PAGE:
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Today provides further evidence of why AV would make future manifesto promises completely worthless

By Jonathan Isaby

Nick Clegg Commons 2010 Nick Clegg took a lot of flak at today's PMQs for having said one thing at the General Election on higher education funding whilst now intending to do something else now he finds himself in government.

I give him credit for the mature attitude he has taken on the matter.

One of his backbench MPs, Cheltenham's Martin Horwood (who along with all LIb Dems signed an election pledge against increasing tuition fees), appeared on TV earlier this afternoon to meet students and explain that he was yet to decide how to vote in the Commons on the matter.

Horwood did point out, however, that coalition government did mean that parties had to make compromises, and accepted that his party was not in a position to fulfil its pre-election pledge.

So there you have, out of the mouth of a LIb Dem MP, another reason to say NO2AV and oppose changing our electoral system: we know that the AV system would inevitably lead to hung parliaments as a matter of course; and hung parliaments mean negotiations to build coalitions in which both parties involved sacrifice elements of their programme and ditch some of their hitherto cherished promises.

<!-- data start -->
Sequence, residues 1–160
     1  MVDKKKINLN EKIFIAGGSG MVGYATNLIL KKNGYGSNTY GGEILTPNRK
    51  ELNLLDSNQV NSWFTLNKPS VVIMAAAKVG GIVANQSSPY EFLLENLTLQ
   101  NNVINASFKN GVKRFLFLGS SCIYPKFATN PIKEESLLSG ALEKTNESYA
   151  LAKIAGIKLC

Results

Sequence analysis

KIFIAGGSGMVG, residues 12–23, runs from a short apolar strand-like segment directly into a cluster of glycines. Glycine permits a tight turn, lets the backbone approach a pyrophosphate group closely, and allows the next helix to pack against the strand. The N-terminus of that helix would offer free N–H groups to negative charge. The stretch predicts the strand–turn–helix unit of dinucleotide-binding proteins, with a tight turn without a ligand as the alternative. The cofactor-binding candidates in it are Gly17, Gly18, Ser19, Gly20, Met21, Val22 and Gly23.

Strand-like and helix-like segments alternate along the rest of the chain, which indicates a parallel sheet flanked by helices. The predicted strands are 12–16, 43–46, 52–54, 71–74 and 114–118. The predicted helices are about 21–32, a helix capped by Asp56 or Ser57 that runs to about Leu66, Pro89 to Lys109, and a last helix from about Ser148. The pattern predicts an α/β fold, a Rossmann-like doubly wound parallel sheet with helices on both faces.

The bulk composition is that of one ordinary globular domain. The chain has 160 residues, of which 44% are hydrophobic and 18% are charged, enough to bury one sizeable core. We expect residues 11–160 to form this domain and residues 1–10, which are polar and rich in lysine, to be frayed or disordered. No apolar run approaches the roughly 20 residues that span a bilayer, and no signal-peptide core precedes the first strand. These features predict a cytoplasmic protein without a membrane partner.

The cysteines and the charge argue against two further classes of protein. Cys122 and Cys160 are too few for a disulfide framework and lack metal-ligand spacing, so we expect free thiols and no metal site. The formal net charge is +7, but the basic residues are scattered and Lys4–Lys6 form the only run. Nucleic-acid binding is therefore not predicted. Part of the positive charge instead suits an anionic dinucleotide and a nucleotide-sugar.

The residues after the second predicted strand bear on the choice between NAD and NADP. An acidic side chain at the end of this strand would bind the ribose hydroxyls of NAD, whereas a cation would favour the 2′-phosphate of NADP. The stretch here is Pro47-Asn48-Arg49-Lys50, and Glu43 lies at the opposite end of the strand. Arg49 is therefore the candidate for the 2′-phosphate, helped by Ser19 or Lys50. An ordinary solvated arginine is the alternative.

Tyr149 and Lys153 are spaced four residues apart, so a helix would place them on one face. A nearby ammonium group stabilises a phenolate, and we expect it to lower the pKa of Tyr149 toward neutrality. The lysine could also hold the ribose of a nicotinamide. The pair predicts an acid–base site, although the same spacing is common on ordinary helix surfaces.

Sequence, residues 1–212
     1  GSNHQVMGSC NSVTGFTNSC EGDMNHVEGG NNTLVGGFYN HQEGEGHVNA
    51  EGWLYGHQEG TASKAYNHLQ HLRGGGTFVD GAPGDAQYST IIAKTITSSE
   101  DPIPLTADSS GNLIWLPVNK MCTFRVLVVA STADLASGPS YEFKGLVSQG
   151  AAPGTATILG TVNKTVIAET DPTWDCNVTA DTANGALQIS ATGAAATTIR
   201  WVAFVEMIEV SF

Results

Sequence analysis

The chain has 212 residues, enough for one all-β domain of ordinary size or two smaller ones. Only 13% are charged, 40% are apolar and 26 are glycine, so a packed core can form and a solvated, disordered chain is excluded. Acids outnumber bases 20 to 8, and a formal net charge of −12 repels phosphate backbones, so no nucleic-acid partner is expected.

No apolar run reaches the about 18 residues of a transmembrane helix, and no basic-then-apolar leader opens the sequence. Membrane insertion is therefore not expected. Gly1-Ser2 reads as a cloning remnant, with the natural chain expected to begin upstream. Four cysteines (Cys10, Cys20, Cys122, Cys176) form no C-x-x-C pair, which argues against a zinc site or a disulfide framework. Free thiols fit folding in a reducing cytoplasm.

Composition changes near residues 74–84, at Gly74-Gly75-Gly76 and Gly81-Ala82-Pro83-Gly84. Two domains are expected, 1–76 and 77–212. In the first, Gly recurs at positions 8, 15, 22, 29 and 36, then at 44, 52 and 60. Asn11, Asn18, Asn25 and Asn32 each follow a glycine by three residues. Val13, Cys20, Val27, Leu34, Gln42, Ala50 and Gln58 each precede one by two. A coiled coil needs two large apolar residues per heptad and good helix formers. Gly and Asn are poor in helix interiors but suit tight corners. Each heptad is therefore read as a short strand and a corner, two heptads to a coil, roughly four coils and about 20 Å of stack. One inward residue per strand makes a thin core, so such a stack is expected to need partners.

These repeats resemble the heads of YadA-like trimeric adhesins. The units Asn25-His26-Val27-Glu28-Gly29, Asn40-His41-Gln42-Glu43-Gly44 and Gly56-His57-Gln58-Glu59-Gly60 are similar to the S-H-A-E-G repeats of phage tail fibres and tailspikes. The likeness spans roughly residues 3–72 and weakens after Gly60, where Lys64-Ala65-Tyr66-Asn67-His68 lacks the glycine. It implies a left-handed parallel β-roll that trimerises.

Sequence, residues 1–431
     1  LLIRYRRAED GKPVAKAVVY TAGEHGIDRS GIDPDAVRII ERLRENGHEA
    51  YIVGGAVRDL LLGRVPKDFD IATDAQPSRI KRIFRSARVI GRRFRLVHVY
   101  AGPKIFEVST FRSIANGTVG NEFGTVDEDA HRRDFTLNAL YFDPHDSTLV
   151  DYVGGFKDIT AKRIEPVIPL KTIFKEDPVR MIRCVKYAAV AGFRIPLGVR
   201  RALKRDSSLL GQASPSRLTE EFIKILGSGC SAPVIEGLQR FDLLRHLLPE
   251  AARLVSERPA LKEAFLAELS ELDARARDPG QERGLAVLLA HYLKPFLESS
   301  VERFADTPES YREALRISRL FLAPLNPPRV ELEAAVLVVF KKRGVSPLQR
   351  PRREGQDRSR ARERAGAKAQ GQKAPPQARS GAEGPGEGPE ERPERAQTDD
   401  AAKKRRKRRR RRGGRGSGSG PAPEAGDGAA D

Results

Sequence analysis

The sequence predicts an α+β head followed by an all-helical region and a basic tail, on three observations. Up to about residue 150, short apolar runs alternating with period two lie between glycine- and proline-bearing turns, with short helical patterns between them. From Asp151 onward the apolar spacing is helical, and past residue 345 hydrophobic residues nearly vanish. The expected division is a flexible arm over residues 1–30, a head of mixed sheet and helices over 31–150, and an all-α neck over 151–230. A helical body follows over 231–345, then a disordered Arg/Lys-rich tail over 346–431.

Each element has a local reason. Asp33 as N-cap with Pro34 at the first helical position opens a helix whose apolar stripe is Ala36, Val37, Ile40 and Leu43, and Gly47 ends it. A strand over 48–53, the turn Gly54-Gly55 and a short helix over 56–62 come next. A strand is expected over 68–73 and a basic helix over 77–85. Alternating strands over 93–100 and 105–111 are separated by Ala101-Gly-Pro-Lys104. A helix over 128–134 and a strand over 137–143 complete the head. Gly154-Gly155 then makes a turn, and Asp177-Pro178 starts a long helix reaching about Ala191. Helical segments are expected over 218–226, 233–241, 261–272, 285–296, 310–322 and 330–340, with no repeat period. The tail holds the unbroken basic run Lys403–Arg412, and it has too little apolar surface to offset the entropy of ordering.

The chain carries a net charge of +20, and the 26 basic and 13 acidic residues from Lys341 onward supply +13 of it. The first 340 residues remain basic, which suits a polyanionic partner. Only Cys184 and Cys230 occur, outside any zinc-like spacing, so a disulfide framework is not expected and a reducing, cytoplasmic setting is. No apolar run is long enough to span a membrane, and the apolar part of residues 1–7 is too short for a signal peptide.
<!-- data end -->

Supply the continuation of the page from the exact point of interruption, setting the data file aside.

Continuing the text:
In other words, AV would forever give parties carte blanche to make manifesto promises to the voters in the knowledge that they could merrily ditch them days afterwards as part of the post-election horse-trading for a place in government.

There is absolutely no place in a democracy for the ugly scenes we have wtinessed this afternoon from those students and associated Left-wing bandwagon jumpers protesting against the Government's Higher Education funding plans. But I would venture that frustration with the political class would be even starker if we replace First Past The Post with an electoral system in which it is even harder for us to hold politicians to account - because they are effectively let off the hook as soon as they enter the negotiating room in order to set ab out forming a governemnt.

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